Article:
R.A.'s way: Dickey fires one-hitter at Phils
Mets notch back-to-back wins for first time since June 22-23
NEW YORK -- It took R.A. Dickey 102 knuckleballs to shut out the Phillies on Friday night, and only one to end his bid for the first no-hitter in Mets franchise history.
Coming off his worst start of the season -- six runs in three innings Sunday in Philadelphia -- Dickey rebounded by taking a no-hitter into the sixth inning against the same team in his home ballpark.
Phillies pitcher Cole Hamels swung at a first-pitch knuckler and blooped a single into right field over second baseman Ruben Tejada's head that would stand as Philadelphia's only hit of the night, as the Mets went on to a 1-0 victory at Citi Field.
"When I finally got the ball, he was five steps from first base," right fielder Jeff Francoeur said. "I didn't have a shot [to throw him out]. Trust me, if I thought I did, I'll take it, but at the same time, I didn't want to just throw it for the sake of throwing it."
Dickey (8-5, 2.43 ERA) struck out seven and allowed just two baserunners in helping the Mets (58-57) win their first back-to-back games since June 22-23. He followed up Johan Santana's shutout of the Rockies on Thursday with one of his own, which couldn't have come at a better time, considering closer Francisco Rodriguez was serving the second and final game of his suspension after being arrested for third-degree assault on Wednesday.
"It's very, very satisfying," Mets manager Jerry Manuel said. "For those two to take it upon themselves as starters to start and complete the game was huge for us."
Manuel said before the game that Dickey's knuckleball was faster than usual in Philadelphia, which straightened the pitch out and made it less of a change in speed from his fastball.
Dickey disagreed, saying that had nothing to do with his performance, but he did say that in his 105 pitches Friday, he only threw three fastballs the whole night. The rest were knuckleballs.
"The one he threw at our place was harder," Phillies catcher Brian Schneider said. "This one was dancing a lot more than it was at our place. It's kind of hard to have an approach against a knuckleballer, except make sure the ball is up."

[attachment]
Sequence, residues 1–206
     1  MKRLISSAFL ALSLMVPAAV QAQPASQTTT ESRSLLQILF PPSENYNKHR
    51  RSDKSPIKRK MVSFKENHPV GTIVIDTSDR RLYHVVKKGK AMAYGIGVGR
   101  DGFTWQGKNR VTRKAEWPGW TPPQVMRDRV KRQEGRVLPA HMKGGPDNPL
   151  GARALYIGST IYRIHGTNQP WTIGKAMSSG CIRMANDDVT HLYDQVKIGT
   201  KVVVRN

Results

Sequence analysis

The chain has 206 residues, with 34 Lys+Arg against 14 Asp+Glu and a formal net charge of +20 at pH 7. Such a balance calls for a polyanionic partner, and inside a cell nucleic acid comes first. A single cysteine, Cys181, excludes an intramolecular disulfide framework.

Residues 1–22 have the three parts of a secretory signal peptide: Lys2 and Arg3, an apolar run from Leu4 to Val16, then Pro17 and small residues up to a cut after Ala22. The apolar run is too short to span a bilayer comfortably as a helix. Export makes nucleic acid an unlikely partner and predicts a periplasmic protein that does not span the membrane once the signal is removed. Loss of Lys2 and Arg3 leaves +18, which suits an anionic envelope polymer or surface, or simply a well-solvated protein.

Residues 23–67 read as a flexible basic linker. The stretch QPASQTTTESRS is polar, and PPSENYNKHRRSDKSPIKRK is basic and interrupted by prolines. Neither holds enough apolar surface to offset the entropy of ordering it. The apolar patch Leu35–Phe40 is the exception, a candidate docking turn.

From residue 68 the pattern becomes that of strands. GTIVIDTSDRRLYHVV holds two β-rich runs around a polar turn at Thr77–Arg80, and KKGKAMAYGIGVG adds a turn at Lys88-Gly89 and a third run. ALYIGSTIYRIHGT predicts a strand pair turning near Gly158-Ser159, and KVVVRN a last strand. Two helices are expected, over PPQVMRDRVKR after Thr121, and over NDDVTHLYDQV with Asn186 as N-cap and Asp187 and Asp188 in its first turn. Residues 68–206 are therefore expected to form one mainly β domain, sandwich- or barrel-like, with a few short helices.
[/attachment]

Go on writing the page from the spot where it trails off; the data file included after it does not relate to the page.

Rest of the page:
The ball to Hamels was down in the zone, but he got just enough of it to bloop in a clean single. While surrendering the only hit of the night to the opposing pitcher bothered Dickey, he maintained that it was a good pitch and there was nothing anyone could've done to change the outcome.
"There's definitely no woulda-shoulda," Dickey said. "There's, 'Aw shucks, I wish that wouldn't have happened.' That's probably the most satisfying thing about this night for me is that there's no regret. I had an outing without regret, and you rarely can say that about an outing. There's always one pitch that you didn't execute right, or a sinker you didn't get or a ball you left over the plate that got raked in the gap. There's always a regret. This game is about how to handle regret, it really is."
The Mets' offense continued to struggle, as Hamels held them to five hits over eight innings while striking out eight. The only run of the game came on back-to-back doubles by David Wright and Carlos Beltran with two outs in the sixth inning.
"For us to be more successful, we have to be better offensively, there's no doubt about it," Beltran said. "We have the guys to do it."
The Mets, who have scored three runs or fewer in eight of their 11 games this month, twice led off an inning with an extra-base hit but couldn't push a run across against Hamels.
Mike Hessman, whose home run was overturned by video review and made into a triple after a fan-interference call in the fifth, was the only Mets hitter to reach base twice.
For Dickey, he threw the 14th complete-game shutout with zero or one hit allowed this season. The last time that happened was 1993, when there was also 14. It was the 35th one-hitter thrown by the Mets, who have never tossed a no-hitter in their history.
The headlines will speak to a well-pitched win for the Mets against the division-rival Phillies (64-51), and that's what was most important to the veteran knuckleballer.
"I was just thankful after the game that this game wasn't about a phantom home run, or K-Rod or a runner we didn't get in from third base," Dickey said. "That's not what this game was about when the headlines could've been about that. It was about that we played well, we played hard, we got a two-out run and we won the ballgame, and that's nice."
Kyle Maistri is an associate reporter for MLB.com. This story was not subject to the approval of Major League Baseball or its clubs.